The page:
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990, but you'll need to prove it with arithmetic and logic to get the marks in the maths homework you've obviously just posted to the internet.

Q: How many 4 number combinations where the first and last numbers are the same exist?

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If the order of the numbers are important, then this is a simple combination problem. There are 10 possible numbers to choose from for the first number. Then there are 9 options for the second number. Then there are 8 options for the third, and so on. Thus, the number of possible combinations can be calculated as 10x9x8x7x6x5. This comes out at 151,200 possible combinations.

There are 10 choices for the first number, 9 for the second and 8 for the third. 10*9*8=720 possible combinations.

Well first you will start off with 000, then go up until 999. So there would be 1000 different combinations.

The first number can be any of the ten, likewise the second and the third so 10 x 10 x 10 = 1000 combinations

100. Don't forget the 00 combination. Otherwise think of all numbers between 1 and 99 with all single digits have a zero in the first column (e.g. 1 = 01) * * * * * No, that is the number of permutations! As far as combinations are concerned, 23 is the same as 32. So, you have 10*9/2 = 45 combinations.

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If the order of the numbers are important, then this is a simple combination problem. There are 10 possible numbers to choose from for the first number. Then there are 9 options for the second number. Then there are 8 options for the third, and so on. Thus, the number of possible combinations can be calculated as 10x9x8x7x6x5. This comes out at 151,200 possible combinations.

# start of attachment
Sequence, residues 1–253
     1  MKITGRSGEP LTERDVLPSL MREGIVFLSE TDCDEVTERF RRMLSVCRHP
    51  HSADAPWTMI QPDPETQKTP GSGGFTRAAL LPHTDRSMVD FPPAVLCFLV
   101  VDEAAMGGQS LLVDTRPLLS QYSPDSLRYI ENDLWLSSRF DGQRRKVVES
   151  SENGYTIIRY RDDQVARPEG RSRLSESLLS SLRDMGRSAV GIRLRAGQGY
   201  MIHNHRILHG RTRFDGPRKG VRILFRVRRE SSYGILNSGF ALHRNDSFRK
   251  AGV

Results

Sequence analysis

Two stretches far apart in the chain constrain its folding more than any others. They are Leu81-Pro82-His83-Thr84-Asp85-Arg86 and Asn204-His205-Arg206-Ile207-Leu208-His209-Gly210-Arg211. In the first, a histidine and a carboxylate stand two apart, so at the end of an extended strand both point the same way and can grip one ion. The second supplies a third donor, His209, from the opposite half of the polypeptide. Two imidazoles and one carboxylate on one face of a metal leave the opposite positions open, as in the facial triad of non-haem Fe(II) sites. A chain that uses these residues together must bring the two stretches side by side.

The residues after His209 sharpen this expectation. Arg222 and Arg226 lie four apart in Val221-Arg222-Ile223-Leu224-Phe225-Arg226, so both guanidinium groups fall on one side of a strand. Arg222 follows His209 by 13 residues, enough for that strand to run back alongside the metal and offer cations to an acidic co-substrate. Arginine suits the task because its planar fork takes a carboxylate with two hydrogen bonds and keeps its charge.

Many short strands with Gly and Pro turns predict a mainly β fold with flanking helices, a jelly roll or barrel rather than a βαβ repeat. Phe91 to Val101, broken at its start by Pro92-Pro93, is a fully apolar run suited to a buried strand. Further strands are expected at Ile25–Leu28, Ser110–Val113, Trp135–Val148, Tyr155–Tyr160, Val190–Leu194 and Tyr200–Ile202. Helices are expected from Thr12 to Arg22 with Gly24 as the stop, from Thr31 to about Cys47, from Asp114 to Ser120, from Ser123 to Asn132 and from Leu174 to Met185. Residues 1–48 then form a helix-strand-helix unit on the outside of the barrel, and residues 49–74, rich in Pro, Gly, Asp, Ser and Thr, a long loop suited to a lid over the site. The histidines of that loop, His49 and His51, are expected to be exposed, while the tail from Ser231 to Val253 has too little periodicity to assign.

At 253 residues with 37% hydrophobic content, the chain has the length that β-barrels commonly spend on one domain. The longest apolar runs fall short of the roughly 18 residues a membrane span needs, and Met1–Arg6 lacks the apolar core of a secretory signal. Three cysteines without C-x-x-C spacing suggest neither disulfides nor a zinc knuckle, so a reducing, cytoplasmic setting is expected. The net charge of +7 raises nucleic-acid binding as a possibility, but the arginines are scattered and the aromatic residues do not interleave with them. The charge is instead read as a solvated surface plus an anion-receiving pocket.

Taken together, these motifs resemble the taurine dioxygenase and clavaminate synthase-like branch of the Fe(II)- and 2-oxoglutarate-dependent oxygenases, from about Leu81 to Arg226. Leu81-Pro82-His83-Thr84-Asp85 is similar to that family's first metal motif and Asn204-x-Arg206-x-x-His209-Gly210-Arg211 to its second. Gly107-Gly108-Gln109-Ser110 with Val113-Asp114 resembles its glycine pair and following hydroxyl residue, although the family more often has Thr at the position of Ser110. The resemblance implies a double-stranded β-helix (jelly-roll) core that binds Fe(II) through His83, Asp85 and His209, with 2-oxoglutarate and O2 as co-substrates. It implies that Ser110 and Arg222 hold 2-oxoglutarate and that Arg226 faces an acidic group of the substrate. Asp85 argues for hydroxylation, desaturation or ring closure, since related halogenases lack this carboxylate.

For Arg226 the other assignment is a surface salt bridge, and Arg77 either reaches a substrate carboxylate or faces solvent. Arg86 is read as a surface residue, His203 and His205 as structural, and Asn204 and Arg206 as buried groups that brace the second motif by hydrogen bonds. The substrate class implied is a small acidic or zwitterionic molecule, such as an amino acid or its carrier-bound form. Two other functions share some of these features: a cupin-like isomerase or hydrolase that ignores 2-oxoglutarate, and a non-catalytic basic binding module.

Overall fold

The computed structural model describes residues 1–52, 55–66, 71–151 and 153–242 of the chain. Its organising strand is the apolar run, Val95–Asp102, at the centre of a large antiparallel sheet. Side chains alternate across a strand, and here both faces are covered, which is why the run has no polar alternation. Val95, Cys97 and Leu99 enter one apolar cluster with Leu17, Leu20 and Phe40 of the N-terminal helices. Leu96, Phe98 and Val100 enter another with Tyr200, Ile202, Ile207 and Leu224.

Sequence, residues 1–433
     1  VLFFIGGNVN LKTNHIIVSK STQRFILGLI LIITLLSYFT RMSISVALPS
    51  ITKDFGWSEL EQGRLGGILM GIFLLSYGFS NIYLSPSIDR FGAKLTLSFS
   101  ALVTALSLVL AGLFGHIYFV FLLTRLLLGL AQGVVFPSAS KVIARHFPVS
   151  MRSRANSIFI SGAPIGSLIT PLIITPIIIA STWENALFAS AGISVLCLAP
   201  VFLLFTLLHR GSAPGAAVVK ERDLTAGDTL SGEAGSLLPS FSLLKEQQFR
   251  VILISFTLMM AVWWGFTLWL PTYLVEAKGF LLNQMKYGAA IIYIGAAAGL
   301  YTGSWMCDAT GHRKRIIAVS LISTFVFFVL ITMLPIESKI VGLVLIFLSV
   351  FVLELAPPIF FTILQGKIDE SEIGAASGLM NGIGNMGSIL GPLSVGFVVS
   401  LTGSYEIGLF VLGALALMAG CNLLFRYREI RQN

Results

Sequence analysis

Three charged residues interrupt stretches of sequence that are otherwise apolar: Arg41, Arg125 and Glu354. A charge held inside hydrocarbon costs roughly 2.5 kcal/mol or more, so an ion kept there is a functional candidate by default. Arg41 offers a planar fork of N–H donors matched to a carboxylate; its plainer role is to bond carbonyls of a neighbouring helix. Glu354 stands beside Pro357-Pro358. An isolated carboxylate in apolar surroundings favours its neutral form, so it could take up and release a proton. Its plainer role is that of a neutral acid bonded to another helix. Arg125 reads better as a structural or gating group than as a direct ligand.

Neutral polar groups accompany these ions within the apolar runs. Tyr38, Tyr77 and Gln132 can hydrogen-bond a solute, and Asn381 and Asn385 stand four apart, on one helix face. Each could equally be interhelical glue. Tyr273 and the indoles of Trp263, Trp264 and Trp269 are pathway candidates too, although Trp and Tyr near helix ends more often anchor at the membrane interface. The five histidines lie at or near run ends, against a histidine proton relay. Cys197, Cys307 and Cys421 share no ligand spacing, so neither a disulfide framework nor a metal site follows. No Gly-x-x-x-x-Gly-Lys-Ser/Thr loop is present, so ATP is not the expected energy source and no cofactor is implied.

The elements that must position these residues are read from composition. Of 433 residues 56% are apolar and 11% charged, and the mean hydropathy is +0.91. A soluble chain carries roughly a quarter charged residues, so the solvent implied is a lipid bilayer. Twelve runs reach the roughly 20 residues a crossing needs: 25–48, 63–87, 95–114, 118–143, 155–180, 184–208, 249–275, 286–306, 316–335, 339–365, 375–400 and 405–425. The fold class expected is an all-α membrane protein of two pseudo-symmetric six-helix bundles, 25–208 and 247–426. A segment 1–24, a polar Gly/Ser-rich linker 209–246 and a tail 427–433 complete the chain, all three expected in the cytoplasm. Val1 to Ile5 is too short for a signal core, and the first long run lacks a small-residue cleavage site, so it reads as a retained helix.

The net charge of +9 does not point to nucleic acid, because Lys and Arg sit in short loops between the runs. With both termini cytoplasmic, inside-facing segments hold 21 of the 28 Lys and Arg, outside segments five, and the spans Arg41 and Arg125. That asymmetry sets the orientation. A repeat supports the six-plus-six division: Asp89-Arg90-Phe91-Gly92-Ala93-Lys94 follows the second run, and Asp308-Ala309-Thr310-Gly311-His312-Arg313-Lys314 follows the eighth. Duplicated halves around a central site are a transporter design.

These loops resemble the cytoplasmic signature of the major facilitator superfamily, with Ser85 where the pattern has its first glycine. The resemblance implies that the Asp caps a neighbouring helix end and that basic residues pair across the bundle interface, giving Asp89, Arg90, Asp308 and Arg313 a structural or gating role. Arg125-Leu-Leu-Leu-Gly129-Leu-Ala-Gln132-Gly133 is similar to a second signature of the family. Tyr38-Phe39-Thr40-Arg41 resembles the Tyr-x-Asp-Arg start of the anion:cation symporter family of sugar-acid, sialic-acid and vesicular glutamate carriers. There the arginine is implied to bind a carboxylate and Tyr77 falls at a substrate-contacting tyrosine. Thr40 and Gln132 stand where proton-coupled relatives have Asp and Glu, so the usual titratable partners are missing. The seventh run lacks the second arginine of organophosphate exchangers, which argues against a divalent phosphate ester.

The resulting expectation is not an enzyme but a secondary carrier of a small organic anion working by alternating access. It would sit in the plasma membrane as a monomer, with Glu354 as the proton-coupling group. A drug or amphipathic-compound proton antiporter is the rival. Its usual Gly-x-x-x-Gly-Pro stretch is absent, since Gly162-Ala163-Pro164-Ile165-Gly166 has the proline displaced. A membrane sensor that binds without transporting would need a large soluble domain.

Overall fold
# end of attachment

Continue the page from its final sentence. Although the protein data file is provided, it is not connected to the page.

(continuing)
The answer will depend on how many digits there are in each of the 30 numbers. If the 30 numbers are all 6-digit numbers then the answer is NONE! If the 30 numbers are the first 30 counting numbers then there are 126 combinations of five 1-digit numbers, 1764 combinations of three 1-digit numbers and one 2-digit number, and 1710 combinations of one 1-digit number and two 2-digit numbers. That makes a total of 3600 5-digit combinations.

There are 10 choices for the first number, 9 for the second and 8 for the third. 10*9*8=720 possible combinations.

The number 1 is the first whole number of all numbers. It cannot be reduced any lower. There are no other number combinations other that 1 in the number 1.

Well first you will start off with 000, then go up until 999. So there would be 1000 different combinations.

I'm assuming they're three unique numbers. Thus, the first can be any of three, the second either of the remaining two, and the last is the last one left. Thus: combinations = 3 * 2 * 1 = 6 Or, more generally, the combinations of n numbers in such a problem is n factorial, denoted as "n!", which is every number from 1 to that number multiplied together.

The first number can be any of the ten, likewise the second and the third so 10 x 10 x 10 = 1000 combinations

100. Don't forget the 00 combination. Otherwise think of all numbers between 1 and 99 with all single digits have a zero in the first column (e.g. 1 = 01) * * * * * No, that is the number of permutations! As far as combinations are concerned, 23 is the same as 32. So, you have 10*9/2 = 45 combinations.

The first digit can be one of five integers (1 to 5) The second - fourth digits one of six integers (0 to 5). So: number of (valid) combinations is 5*6*6*6=1080 * * * * * This gives the number of permutations, not combinations. I am working on the latter.

If there are no restrictions on duplicated numbers or other patterns of numbers then there are 10 ways of selecting the first digit and also 10 ways of selecting the second digit. The number of combinations is therefore 10 x 10 = 100.

No, it isn't. In fact, it is not known whether are odd perfect numbers exist. The first perfect numbers are 6, 28, 496, and 8128.

There are many combinations of 2 numbers that sum to 70. Any combination of numbers where the first number is x and the second number is 70-x will sum to 70. For example: 69 and 1 68 and 2 67 and 3 66 and 4...